by Jean Cohen
Dave Gardi ’96 was born into football. His father, Joe Gardi, who passed away in 2010, was a legendary Hofstra football coach and longtime assistant coach for the New York Jets. Coach Gardi cheered his son on when Dave played at Long Island’s Sayville High School and during his college career as quarterback for the Brown University Bruins. Dave was determined to pursue football as a career, but his road led him, not to the playing field, but to an office at the National Football League headquarters as senior vice president of football operations.
“When I graduated from Brown, I considered coaching with my father,” recalls Gardi. “But he was adamant and persuasive in convincing me that law school was the route to take for a professional football career. His reasoning was that people he knew in the front office side of football had more time to spend with their families than coaches did.”
“Because of the interesting dynamic involving labor, contracts, workers’ compensation and antitrust, there really is no such thing as a ‘sports law practice,’ because the field touches so many areas.”
Gardi did join his father at Hofstra University, both as a fan on the sidelines at Hofstra Pride games and as a student at Hofstra Law. While not an official coach, Gardi was so involved in the program that he “lived in his father’s office” and sometimes spent nights sleeping on the office couch.
“I was able to spend a lot of time with my dad in my mid-20s,” recalls Gardi. “That bonding was what I enjoyed the most, but even better, I met my wife in law school.”
Between his second and third year at Hofstra Law, Gardi interned with the NFL’s Management Council, working with the labor attorneys. After earning his law degree, he went to work for a New York City litigation firm, but his resolve to return to the NFL never wavered. Seven years later, he was offered an opportunity.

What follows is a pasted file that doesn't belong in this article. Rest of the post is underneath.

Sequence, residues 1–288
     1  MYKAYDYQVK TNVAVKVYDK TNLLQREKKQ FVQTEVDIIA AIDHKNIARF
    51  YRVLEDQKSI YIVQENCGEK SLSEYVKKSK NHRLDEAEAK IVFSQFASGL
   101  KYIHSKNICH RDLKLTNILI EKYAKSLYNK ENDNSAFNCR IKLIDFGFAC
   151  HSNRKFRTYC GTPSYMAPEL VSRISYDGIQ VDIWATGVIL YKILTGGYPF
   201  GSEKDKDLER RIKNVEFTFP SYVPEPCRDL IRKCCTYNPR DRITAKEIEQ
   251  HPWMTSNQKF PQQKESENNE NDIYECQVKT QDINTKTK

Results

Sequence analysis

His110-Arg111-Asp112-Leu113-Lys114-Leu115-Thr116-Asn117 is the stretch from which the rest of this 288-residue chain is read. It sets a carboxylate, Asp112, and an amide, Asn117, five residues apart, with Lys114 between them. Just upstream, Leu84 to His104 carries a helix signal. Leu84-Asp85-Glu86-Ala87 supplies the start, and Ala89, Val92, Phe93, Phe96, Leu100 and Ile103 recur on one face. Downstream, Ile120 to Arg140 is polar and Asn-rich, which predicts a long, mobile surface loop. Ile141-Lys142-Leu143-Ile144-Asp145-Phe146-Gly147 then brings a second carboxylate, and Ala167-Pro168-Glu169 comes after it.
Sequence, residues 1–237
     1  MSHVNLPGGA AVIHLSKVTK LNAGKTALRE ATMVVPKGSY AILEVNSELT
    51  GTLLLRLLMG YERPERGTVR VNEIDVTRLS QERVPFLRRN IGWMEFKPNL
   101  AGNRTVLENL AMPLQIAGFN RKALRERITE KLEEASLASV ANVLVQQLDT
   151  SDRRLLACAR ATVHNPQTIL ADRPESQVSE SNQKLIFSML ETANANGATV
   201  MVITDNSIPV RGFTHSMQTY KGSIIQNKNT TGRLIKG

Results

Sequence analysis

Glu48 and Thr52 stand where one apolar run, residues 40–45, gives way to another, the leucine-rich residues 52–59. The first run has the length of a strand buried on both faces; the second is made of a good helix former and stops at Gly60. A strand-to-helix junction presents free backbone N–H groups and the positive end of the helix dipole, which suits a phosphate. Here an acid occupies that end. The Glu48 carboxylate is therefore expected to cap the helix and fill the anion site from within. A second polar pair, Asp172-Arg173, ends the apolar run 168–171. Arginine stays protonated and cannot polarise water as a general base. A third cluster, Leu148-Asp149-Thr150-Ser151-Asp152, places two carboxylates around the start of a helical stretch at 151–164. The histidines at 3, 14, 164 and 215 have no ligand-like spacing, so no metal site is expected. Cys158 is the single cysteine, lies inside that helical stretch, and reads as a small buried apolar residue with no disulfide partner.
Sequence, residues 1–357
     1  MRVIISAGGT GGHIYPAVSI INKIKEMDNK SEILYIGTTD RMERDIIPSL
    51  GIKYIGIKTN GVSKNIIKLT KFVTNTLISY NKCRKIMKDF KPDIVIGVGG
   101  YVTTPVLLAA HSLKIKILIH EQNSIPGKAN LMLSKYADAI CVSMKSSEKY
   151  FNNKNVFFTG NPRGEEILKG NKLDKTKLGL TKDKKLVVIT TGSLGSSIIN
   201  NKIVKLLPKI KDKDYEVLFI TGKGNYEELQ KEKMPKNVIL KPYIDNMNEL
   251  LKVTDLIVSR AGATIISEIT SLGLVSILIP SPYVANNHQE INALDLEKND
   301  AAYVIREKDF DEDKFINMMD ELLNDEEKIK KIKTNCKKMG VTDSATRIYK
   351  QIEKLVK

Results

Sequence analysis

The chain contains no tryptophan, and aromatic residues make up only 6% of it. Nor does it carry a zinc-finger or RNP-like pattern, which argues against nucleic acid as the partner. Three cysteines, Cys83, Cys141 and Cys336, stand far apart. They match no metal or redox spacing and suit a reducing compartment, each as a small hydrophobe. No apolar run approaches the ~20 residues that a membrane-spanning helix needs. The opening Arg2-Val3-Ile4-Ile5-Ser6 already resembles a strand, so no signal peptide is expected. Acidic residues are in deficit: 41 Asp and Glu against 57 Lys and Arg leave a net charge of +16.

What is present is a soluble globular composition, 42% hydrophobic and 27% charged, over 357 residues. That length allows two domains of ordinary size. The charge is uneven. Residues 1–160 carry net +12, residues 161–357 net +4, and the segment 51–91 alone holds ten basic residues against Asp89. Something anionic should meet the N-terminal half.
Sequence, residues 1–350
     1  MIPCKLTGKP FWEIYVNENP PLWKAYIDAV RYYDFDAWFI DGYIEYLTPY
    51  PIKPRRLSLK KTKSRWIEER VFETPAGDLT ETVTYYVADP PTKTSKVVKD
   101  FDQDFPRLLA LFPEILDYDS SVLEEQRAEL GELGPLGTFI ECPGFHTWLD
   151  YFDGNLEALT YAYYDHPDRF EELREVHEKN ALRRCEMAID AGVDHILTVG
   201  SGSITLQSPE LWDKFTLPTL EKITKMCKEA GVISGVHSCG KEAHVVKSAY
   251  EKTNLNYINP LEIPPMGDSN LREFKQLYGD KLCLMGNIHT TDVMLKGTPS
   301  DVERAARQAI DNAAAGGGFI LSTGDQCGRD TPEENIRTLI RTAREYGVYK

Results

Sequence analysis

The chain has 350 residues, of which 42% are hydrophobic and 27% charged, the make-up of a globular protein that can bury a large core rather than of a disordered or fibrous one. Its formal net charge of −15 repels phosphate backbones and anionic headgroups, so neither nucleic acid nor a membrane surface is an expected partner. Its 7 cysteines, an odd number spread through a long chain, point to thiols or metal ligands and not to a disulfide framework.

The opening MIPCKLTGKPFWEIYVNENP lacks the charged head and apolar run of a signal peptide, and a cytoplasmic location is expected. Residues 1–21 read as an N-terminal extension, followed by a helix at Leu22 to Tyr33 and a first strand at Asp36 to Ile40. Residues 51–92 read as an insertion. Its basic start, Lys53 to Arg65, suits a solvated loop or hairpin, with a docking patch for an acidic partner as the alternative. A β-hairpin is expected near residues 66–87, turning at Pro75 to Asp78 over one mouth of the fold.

He then spent the next 11 years as NFL labor relations counsel before the NFL created his current position in 2014.
As a lawyer by training and a sports executive by trade, Gardi has an insider’s perspective on sports law as a legal field. “I laugh because people refer to sports law as a separate entity, and I am part of the Sports Lawyers Association,” he says. “However, because of the interesting dynamic involving labor, contracts, workers’ compensation and antitrust, there really is no such thing as a ‘sports law practice,’ because the field touches so many areas.”
For law students aspiring to work for the NFL, Gardi offers this advice: “What we look for is people who have an interest in what we actually do — we like somebody to have interest in operations aspects, such as collective bargaining, labor relations, intellectual property and other legal-related fields.”
Gardi believes that, in addition to his legal background, his time as a player and on the sidelines at Hofstra football games with his dad helped him succeed, because he was able to see all sides of the business. “I knew I wanted to end up at the NFL and I’m blessed to have this job,” he says. “I still do a little legal work, but in an interesting context — as it applies in the football operations world.”